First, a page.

“Sometimes, COVID-19 patients need a listening, relatable ear more than anything else as they cope with the disease,” he said.
Substance use and suicide
Drug and alcohol misuse have taken off since the pandemic hit the U.S. in March. There was an 11.4% year-over-year increase in drug overdose deaths in the first four months of 2020, according to an analysis by the U.S. Office of National Drug Control Policy. Meanwhile, U.S. alcohol sales surged 27% between March and June, says CNN.
“[People are] using drugs and alcohol to self-medicate the symptoms that they’re having for anxiety,” Dr. Kudisch said. “Why? Because they can’t go to the movies when they’re stressed. Or they can’t go to the mall and walk. So they’re stuck pretty much at home. And alcohol is easy and very accessible.”
This increased use pushes some toward addiction and makes it harder for others who struggle with drug or alcohol use disorder to stay sober. COVID-19 can disrupt substance use treatment and group therapy (such as Alcoholics Anonymous), cause greater isolation, and make people afraid to seek treatment at a hospital for fear of infection, according to the U.S. Centers for Disease Control and Prevention (CDC).
“Maybe they were diagnosed with depression in the past and that’s heightened, or they’ve been experimenting with alcohol and now they’ve got full-blown binge substance use,” Dr. Kudisch said. “They were experimenting and now they’re using larger amounts.” (See “Opioids: The Forgotten Epidemic?” page 32.)
The anxiety and isolation caused by COVID-19 also seem to be causing an increase in suicides, Dr. Kudisch says, based on personal observation, not published studies.
“In the emergency rooms we certainly do see more frequently the suicide attempts, overdosing, or suicidal thinking,” he said “They’re not necessarily carrying out a plan yet, but [having a history of depression], they’re now suicidal and they come in for treatment or help, or their family members bring them in.”
In late June, 40% of U.S. adults said they struggled with mental health or substance use issues, with 11% of those people seriously considering suicide, according to a CDC survey. The survey showed even higher risk for suicide among certain groups, including 18- to 24-year-olds (25.5%), Hispanics (18.6%), Blacks (15.1%), self-reported unpaid caregivers for adults (30.7%), and essential workers (21.7%) (tma.tips/CDCCovidJuneSurvey).
In 2018, 3,930 Texans died by suicide and 3,005 died by accidental drug overdoses, according to CDC. Unless the state improves its efforts to detect and treat depression and addiction, every 5 percentage point year-over-year increase in the unemployment rate could lead to 300 more deaths by suicide and 425 more deaths from drug overdoses, according to the Meadows Mental Health Policy Institute.
With TMA support, the Texas Legislature made strides toward addressing mental health and suicide in the 2019 session, particularly among young people, who have the fastest-growing suicide rates of any age group in the state. Lawmakers also directed state agencies to analyze state and regional suicide trends and review Texas’ suicide prevention initiatives (tma.tips/Texas2020SuicideReport).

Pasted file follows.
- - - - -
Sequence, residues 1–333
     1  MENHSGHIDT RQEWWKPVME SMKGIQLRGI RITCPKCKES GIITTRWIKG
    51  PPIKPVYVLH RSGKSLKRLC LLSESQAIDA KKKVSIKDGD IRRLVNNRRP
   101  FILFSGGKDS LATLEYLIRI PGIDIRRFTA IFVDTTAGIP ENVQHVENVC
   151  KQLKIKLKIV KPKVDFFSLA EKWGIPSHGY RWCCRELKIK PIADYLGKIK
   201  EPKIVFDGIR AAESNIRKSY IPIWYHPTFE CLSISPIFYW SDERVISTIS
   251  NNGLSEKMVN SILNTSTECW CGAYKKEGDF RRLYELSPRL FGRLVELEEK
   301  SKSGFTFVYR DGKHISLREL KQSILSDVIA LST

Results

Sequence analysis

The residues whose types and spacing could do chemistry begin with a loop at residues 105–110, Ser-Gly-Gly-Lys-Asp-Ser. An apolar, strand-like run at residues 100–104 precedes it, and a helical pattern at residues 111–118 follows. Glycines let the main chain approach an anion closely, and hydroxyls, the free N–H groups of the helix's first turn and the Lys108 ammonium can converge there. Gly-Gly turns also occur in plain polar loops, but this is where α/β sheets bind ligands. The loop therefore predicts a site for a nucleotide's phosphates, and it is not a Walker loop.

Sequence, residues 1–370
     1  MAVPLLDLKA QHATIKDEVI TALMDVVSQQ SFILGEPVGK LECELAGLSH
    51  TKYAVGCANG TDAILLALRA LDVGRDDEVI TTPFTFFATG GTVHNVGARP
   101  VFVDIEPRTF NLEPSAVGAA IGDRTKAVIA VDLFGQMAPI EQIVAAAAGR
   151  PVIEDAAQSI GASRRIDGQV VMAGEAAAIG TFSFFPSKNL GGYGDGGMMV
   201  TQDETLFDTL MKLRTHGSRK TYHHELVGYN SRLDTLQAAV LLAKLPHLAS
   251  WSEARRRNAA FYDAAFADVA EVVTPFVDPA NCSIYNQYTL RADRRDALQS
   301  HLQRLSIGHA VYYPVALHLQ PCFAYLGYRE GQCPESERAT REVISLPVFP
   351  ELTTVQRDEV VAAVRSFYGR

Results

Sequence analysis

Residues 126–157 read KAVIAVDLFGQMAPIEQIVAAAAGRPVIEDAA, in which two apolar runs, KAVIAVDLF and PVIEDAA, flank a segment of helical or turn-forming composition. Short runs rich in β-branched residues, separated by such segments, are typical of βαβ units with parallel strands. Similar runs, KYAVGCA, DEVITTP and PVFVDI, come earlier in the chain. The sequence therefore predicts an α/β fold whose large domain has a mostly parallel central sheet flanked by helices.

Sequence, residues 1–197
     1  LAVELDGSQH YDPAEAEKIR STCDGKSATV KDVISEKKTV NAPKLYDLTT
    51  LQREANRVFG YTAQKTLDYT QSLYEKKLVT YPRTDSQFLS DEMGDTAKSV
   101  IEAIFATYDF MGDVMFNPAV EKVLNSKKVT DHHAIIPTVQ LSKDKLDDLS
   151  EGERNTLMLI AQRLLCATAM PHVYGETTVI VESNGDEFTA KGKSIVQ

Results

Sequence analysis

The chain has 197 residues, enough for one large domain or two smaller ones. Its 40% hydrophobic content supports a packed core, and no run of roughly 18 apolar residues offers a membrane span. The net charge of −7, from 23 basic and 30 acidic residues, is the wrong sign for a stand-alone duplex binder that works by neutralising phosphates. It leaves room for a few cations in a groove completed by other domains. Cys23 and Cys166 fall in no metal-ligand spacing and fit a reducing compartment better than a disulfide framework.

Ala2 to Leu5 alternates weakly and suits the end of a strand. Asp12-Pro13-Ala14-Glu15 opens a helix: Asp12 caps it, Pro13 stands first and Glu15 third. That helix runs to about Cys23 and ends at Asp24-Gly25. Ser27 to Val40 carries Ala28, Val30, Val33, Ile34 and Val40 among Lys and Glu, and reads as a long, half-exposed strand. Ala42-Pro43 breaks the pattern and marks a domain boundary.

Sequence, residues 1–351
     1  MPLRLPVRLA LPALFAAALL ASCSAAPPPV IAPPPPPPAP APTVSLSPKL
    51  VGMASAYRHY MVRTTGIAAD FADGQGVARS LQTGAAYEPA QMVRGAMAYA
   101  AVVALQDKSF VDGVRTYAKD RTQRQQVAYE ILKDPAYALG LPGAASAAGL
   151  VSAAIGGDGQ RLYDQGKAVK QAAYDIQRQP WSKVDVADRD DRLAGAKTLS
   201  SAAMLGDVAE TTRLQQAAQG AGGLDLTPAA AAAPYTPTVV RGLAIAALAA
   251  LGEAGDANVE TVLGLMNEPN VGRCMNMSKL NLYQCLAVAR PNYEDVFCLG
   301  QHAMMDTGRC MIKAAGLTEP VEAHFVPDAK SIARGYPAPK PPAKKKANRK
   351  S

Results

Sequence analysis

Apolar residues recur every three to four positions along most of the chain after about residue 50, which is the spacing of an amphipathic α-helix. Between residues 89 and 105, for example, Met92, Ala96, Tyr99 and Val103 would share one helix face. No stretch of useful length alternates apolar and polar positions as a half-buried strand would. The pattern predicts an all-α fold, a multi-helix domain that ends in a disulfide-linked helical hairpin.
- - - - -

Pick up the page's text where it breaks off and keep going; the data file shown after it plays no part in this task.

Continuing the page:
Getting around isolation
The most effective tool we have against COVID-19 – isolation – comes with its own serious side effects.
Many patients of Dallas psychiatrist Leslie Secrest, MD, live in nursing homes, where since March patients have been separated from each other and often denied visitors.
“Those folks at times describe it as almost as if you’re incarcerated,” he said. “You can’t have visitors, you are quarantined. … You get in this effort to keep people safe, but [they] don’t have the emotional support of having a conversation day in and day out. And that whole population has sort of been forgotten about.”
Hospitals face an even more serious situation, Dr. Castillo says They typically put COVID-19 patients in isolation wards to prevent the spread of the disease. While necessary, these wards can become a breeding ground for depression among patients, he says.
“You’re hearing ‘Code Blue, Code Blue,’ seeing patients getting intubated, all the hustle and bustle, doctors talking, maybe other patients being confused,” he said. “[Hospitals are] not the most peaceful of places, and when it’s a disaster like this type of situation, that’s only magnified.”
Telemedicine is usually the only practical way to safely open up a patient’s world to family and friends, Dr. Castillo says.
“Even when someone is on life support, most families still want to say goodbye, even if the person can’t respond to them,” he said. “They can hear their voice and they can see them. … That’s helped some families have some sort of closure.”
However, telemedicine has limits, especially when it comes to discussions about end-of-life plans or directives, says Robert Fine, MD, a member of TMA’s COVID-19 Task Force and clinical director of the Office of Clinical Ethics and Palliative Care at Baylor Scott and White in Dallas.